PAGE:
Colette Peters, the new director of the federal Bureau of Prisons, vowed Thursday that “the buck stops with me” when it comes to fixing the crisis-plagued agency. Peters ticked off a list of top priorities, from solving a staffing crisis to ending widespread misconduct.
Peters’ testimony before the Senate Judiciary Committee — the first time she’s appeared before Congress — was a departure from the combative nature of her predecessor, who drew bipartisan rebukes for foisting blame on others and refusing to accept responsibility for the agency’s problems, reports the Associated Press.
Peters, who started last month, said the troubles she inherited have eroded trust in the agency among staff, inmates and the public. She said it would take time to turn around the Justice Department’s largest component, with 122 facilities, 159,000 inmates and a budget of more than $8 billion.
Inmates "have the right to feel safe when they are incarcerated with us,” Peters told AP after testifying. “So we’re going to do everything we can to ensure their safety.”
The Bureau of Prisons has been under increasing scrutiny from Congress amid several crises, including rampant sexual abuse of inmates by staff and other staff criminal conduct, chronic understaffing hampering emergency responses, escapes and deaths.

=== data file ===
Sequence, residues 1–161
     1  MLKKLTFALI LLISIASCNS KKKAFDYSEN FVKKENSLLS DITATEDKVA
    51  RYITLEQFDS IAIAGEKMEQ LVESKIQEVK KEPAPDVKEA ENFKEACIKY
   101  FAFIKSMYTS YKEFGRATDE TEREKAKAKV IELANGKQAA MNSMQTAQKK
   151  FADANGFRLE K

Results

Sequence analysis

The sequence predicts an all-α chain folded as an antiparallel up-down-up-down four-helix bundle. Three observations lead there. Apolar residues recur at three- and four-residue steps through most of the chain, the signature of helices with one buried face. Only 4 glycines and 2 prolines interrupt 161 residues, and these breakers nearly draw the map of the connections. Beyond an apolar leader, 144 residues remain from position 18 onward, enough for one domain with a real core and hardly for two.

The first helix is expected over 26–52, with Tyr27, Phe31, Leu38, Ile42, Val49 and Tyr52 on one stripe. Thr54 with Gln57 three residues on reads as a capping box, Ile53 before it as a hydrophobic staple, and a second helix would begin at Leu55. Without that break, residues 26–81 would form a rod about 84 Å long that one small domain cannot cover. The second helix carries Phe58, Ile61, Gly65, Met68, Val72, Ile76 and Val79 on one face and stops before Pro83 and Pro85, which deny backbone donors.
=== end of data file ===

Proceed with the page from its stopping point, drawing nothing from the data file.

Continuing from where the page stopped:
Peters, formerly director of Oregon’s state prison system, was brought in to run the Bureau of Prisons as a reform-minded outsider. Unlike past directors, she’d never been a federal prison employee before taking the top job.
Because of staffing shortages, inmates aren’t always able to take classes and access programming that could help them on the outside. Some inmates eligible for early release under the First Step Act — a criminal justice overhaul measure signed during the Trump administration — have been left to languish while paperwork piles up for overworked, understaffed case managers.
Peters must figure out a way to solve the agency’s severe staffing shortage and shore up crumbling infrastructure.
About 3,000 workers retired from the Bureau of Prisons last year and another 3,000 are expected to leave this year, Shane Fausey, the president of the federal correctional workers union, told the Judiciary Committee
A bill introduced Wednesday would require the Justice Department to hire an ombudsman to field and investigate complaints. The measure has support from a broad coalition of prison stakeholders, including Fausey’s union.